Security locked in for next DOCSIS 4.0 interop

Broadband speeds took center stage at CableLabs' first DOCSIS 4.0 interop. The second interop, set for next week, will add in enhanced security, another key component of the new DOCSIS 4.0 specs.

Jeff Baumgartner, Senior Editor

August 8, 2023

4 Min Read
Security locked in for next DOCSIS 4.0 interop
(Source: Marcos Alvarado/Alamy Stock Photo)

Broadband speeds tend to get top billing for DOCSIS 4.0, the new CableLabs data specifications that will enable symmetrical multi-gigabit speeds over widely deployed hybrid fiber/coax (HFC) networks.

But the specs are focused on much more than speed, supporting enhanced security, low latencies and a boost to overall network reliability.

Speeds were front and center at the first DOCSIS 4.0 interop held last month at CableLabs, an interop that featured a group of ten suppliers of cable modems, network gear and test equipment. That interop, which connected new DOCSIS 4.0-based modems to existing DOCSIS 3.1 cable modem termination systems (CMTSs), performed as expected.

Doug Jones, chief architect at CableLabs, confirmed that the interop saw speeds in excess of 8 Gbit/s in the downstream and 1.5 Gbit/s to 1.8 Gbit/s in the upstream. That was enabled using a "high-split" HFC network that utilized an upstream band in the range of 5MHz-204MHz and about 960MHz of spectrum dedicated to the downstream. The interop took advantage of new D4.0 modems equipped with 10-Gig ports paired with 10-Gig traffic generators.

"If you do the math, it's what you'd expect," Jones said, noting that the speeds generated via the interop were achieved without any special optimizations.

Looking ahead, plans are in place to add some of the enhanced security elements of DOCSIS 4.0 to the next interop, currently set to take place August 14-17 at CableLabs' facilities in Louisville, Colorado.

Security enhancements on tap

Alongside speeds, the interop will explore how well the modems and CMTSs work together with the addition of a new, stronger authentication system that exchanges certificates between the network gear and the customer premises equipment (CPE), ensuring there are no "rogue" elements on the system. That security is also strengthened with upgraded encryption algorithms that extend the key length from 128 bit keys to 256 bit keys. That, Jones said, will make it harder to breach the system with a "brute force attack."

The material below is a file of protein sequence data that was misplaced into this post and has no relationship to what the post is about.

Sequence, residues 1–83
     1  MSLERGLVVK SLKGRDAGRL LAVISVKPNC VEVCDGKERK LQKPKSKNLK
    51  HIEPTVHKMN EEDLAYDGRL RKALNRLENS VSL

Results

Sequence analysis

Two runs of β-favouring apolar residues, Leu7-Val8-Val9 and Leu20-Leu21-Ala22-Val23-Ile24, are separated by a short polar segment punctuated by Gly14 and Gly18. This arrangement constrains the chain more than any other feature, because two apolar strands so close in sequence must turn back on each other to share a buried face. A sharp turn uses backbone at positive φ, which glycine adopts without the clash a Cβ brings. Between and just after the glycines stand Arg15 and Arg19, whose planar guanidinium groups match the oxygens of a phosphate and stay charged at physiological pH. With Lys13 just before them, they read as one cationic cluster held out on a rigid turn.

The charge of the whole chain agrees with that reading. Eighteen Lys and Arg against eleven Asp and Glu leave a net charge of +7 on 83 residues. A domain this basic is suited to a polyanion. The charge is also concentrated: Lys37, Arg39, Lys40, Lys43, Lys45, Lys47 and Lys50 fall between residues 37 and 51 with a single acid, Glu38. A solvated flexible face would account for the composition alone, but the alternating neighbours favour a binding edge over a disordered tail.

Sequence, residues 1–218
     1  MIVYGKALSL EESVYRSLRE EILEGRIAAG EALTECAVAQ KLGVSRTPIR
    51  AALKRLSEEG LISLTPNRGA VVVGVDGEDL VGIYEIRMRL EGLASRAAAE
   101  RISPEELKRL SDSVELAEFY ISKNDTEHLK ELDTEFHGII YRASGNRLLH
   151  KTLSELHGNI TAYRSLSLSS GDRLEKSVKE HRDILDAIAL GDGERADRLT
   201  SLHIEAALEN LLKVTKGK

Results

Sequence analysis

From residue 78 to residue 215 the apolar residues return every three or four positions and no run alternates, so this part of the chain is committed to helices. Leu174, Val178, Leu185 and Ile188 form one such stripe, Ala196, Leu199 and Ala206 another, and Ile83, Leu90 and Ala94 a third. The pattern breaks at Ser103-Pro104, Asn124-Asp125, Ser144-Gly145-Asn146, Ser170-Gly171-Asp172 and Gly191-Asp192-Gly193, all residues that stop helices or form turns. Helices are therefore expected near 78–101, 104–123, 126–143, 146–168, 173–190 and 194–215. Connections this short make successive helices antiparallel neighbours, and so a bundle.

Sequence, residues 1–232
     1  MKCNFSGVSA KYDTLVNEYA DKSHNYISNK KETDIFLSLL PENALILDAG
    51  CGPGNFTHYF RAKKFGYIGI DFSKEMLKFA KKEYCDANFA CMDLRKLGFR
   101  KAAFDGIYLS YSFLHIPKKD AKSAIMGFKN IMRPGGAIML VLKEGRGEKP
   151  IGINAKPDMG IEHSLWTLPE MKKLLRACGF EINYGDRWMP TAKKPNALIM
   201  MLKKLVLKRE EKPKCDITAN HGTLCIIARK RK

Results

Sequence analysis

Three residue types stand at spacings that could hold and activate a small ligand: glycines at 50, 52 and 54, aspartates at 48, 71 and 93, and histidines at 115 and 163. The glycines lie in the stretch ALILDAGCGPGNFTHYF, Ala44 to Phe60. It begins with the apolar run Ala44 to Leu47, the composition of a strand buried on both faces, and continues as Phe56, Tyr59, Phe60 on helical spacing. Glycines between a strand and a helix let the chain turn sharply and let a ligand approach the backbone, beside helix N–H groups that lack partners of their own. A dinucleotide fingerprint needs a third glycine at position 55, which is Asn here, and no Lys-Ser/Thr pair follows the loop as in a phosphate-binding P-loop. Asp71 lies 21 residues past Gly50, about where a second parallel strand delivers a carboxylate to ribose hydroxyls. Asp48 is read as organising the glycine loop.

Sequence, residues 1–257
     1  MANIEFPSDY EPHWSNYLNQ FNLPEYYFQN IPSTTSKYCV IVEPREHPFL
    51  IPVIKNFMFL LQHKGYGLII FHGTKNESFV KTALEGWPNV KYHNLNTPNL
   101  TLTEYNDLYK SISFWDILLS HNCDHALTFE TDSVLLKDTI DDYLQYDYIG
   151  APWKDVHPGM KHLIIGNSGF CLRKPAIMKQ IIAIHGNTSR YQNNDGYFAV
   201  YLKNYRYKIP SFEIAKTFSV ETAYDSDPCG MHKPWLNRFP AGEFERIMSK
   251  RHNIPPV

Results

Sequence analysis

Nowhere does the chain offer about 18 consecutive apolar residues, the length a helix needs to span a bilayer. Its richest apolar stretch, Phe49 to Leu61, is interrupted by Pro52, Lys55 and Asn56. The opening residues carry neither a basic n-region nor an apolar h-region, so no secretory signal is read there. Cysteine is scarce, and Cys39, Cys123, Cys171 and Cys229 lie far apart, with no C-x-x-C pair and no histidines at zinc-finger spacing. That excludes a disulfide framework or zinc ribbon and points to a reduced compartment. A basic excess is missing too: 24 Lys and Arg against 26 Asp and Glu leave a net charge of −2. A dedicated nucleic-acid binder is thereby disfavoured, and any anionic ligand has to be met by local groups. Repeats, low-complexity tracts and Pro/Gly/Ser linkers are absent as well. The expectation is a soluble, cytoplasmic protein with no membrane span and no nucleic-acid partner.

Jones said the new and enhanced security components are also important as operators start to migrate to a distributed access architecture (DAA) that places key elements of the CMTS, including hardware and potentially software, toward the edges of the network.

He said CableLabs also has plans to test other pillars of DOCSIS 4.0, including low-latency and higher reliability capabilities that, for example, employ new proactive network maintenance (PNM) tools. Low latency was first introduced as an annex to DOCSIS 3.1, and operators such as Comcast are conducting field trials of the technology.

Jones said the same group of vendors that participated in the first D4.0 interop are on board for the second one.

Fulfilling the need for speed

The initial interops are pairing new DOCSIS 4.0 modems with DOCSIS 3.1 networks. While this does give suppliers a way to come together as new D4.0 CMTSs are in development, it also paves the way for some operators to seed the network with DOCSIS 4.0 modems and provide more speed and capacity before full end-to-end DOCSIS 4.0 systems are ready for prime time.

Running D4.0 modems on D3.1 networks was a business goal for some mid-tier operators, Jones said. It also creates a way for those operators to take advantage of D4.0 modems without migrating to DAA because the modems can run on existing DOCSIS 3.1 chassis that are equipped with updated software.

The big advantage with that setup is that it puts cable operators in position to deploy a greater number of OFDM (orthogonal frequency-division multiplexing) channels, which were first introduced in the DOCSIS 3.1 specs. Those OFDM channels are more data-efficient than the bonded 6MHz-wide channels that were first used with DOCSIS 3.0.

Today's DOCSIS 3.1 modems are limited to two OFDM channels while the new class of DOCSIS 4.0 modems can support more than two OFDM channels. Meanwhile, updated D3.1 CMTSs will also be capable of supporting four or five OFDM channels. The bottom line is that cable operators will be able to push more data into the same amount of bandwidth by operating DOCSIS 4.0 modems on DOCSIS 3.1 networks.

But it also opens up new ground that's being explored during these interops. Until now, DOCSIS 3.1 networks haven't seen a DOCSIS 4.0 modem on the network.

"That's new for everybody," Jones said. "We needed a meeting of the minds to make it all work right. It's not rocket science, but there's a fair amount of detail."

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— Jeff Baumgartner, Senior Editor, Light Reading

About the Author(s)

Jeff Baumgartner

Senior Editor, Light Reading

Jeff Baumgartner is a Senior Editor for Light Reading and is responsible for the day-to-day news coverage and analysis of the cable and video sectors. Follow him on X and LinkedIn.

Baumgartner also served as Site Editor for Light Reading Cable from 2007-2013. In between his two stints at Light Reading, he led tech coverage for Multichannel News and was a regular contributor to Broadcasting + Cable. Baumgartner was named to the 2018 class of the Cable TV Pioneers.

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